With extra crowds in town for the final events of the Balloon Challenge, the Anzac Day commemoration in Canowindra on Friday is expected to be one of the biggest on record.
With the Anzac commemoration approaching its 100th anniversary next year, the volume of worshippers has been steadily growing throughout Australia, particularly young observers.
Record numbers attended ceremonies at the Australian War Memorial on Anzac Day last year, with 35,000 at the Dawn Service and another 17,000 attending the National Ceremony.
The response to the ballot for next year’s centenary Dawn Service at Gallipoli has been so huge — with more than 42 000 Australians applying to attend — that the Turkish Government has had to limit the contingent to about 8,000.
This year is also the 70th anniversary of D-Day, June 6 1944, and the Normandy landings that pushed the German armies back through occupied Europe and final defeat in Berlin.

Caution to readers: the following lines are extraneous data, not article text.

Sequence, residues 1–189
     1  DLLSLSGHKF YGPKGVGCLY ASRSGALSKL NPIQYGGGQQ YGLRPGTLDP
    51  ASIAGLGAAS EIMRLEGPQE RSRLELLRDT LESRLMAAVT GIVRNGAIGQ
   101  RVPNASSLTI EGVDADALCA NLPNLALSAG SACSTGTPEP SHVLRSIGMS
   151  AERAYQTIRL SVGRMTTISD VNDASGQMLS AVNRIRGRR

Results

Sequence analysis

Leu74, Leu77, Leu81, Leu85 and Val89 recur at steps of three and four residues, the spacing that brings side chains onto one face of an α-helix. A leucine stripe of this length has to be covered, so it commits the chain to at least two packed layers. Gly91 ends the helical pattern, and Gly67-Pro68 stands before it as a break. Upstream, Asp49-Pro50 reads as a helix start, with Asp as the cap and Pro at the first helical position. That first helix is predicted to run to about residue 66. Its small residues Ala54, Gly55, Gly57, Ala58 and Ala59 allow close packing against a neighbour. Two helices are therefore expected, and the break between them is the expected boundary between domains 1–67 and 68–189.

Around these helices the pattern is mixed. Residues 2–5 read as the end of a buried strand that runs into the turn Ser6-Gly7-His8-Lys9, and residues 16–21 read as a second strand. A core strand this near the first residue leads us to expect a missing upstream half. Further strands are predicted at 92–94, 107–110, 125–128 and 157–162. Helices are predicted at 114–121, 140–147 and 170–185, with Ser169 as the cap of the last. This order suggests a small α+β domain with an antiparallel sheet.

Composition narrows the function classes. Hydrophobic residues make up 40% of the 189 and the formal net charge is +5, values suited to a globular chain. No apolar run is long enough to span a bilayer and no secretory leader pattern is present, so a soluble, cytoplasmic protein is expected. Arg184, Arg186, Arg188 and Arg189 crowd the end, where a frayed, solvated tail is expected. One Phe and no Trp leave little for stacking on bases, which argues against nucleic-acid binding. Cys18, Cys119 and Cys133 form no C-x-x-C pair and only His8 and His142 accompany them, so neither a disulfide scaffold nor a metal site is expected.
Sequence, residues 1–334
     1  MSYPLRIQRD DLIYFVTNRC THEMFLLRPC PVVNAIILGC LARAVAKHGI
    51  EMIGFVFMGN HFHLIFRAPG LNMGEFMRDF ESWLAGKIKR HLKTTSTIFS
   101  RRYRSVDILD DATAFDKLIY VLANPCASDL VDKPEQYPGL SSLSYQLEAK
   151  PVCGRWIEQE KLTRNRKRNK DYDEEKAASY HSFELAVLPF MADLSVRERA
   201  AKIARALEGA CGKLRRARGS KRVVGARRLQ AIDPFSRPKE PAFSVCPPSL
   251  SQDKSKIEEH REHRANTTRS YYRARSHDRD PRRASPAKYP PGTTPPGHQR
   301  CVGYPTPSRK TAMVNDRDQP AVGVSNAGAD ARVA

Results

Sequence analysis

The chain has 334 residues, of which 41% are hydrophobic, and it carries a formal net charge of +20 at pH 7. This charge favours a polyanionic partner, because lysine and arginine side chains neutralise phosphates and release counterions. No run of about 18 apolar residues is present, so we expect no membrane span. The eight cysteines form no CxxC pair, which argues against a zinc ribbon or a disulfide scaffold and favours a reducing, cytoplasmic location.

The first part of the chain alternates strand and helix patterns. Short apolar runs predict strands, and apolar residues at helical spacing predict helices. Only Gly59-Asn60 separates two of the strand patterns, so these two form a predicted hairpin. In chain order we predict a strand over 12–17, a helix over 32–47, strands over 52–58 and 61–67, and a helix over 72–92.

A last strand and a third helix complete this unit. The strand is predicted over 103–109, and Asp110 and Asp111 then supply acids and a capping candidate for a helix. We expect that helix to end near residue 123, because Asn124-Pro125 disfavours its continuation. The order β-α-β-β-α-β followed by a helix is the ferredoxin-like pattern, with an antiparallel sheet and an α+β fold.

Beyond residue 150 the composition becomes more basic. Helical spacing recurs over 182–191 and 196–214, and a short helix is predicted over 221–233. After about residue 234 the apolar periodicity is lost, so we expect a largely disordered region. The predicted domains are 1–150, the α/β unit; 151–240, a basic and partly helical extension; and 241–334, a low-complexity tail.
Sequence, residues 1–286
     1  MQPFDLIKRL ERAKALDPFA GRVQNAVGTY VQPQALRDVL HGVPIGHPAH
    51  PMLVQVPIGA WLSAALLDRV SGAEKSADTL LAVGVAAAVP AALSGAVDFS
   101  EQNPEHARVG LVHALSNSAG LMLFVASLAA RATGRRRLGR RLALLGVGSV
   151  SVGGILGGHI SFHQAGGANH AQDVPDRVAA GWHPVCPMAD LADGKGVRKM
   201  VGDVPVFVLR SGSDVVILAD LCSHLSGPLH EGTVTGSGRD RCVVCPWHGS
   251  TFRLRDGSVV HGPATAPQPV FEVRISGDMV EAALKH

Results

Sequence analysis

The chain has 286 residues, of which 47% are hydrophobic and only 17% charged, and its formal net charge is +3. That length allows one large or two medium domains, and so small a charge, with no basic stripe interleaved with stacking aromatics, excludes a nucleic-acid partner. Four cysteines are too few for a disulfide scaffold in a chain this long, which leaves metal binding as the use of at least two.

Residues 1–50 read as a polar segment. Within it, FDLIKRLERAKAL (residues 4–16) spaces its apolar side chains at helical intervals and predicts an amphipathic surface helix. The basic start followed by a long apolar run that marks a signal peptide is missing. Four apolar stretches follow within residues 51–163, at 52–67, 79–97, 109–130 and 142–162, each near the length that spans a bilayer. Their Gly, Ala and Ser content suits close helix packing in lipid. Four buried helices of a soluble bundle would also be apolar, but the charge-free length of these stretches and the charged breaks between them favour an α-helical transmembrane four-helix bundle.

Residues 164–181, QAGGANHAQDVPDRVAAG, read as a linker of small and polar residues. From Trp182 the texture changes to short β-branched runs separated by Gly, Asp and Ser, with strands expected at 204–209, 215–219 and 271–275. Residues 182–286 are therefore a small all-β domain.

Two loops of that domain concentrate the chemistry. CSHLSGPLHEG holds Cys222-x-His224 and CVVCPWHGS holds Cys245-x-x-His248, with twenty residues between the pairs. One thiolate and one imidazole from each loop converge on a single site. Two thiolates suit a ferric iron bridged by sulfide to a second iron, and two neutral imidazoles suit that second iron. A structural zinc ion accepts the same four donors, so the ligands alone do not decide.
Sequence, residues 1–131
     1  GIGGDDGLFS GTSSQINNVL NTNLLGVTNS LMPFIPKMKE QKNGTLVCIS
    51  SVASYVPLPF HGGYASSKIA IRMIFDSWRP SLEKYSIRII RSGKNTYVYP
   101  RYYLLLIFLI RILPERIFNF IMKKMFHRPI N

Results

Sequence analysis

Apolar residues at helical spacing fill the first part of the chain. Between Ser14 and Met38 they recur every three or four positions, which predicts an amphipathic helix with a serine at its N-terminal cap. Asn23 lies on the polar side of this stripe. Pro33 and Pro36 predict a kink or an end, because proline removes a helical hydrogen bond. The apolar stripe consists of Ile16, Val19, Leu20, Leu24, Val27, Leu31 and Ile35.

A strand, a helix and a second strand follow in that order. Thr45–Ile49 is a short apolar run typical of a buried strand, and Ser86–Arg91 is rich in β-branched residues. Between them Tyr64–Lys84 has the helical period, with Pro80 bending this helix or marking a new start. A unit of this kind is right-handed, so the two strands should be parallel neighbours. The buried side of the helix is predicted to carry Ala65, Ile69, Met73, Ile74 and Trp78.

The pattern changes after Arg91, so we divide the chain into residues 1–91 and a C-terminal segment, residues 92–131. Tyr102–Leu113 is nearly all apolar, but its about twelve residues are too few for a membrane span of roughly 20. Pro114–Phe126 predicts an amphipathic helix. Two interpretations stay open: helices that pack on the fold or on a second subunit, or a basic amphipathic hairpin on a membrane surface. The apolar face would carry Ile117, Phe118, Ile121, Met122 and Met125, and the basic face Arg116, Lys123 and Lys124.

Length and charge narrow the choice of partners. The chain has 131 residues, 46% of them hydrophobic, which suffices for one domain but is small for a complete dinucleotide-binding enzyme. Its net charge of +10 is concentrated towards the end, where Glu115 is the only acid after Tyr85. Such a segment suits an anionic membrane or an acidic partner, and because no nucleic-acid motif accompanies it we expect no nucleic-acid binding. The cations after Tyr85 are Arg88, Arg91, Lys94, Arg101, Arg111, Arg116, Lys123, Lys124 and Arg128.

Veterans’ Affairs Minister Senator Michael Ronaldson has announced that eight veterans of the Normandy campaign will travel back to France at the start of June to “join their Allied comrades from countries such as the UK, US, New Zealand and Canada on Friday 6 June for an international commemorative service to mark the special occasion.
“Australian efforts mainly came in the form of aerial support, with some 2,000 to 2,500 Australian airmen serving in the Royal Air Force and Royal Australian Air Force Squadrons which took part in operations associated with the invasion,” Senator Ronaldson said.
“Around 500 Australian sailors also served aboard Royal Navy vessels, while around a dozen Australian soldiers were attached to British Army formations.”
By Derek Maitland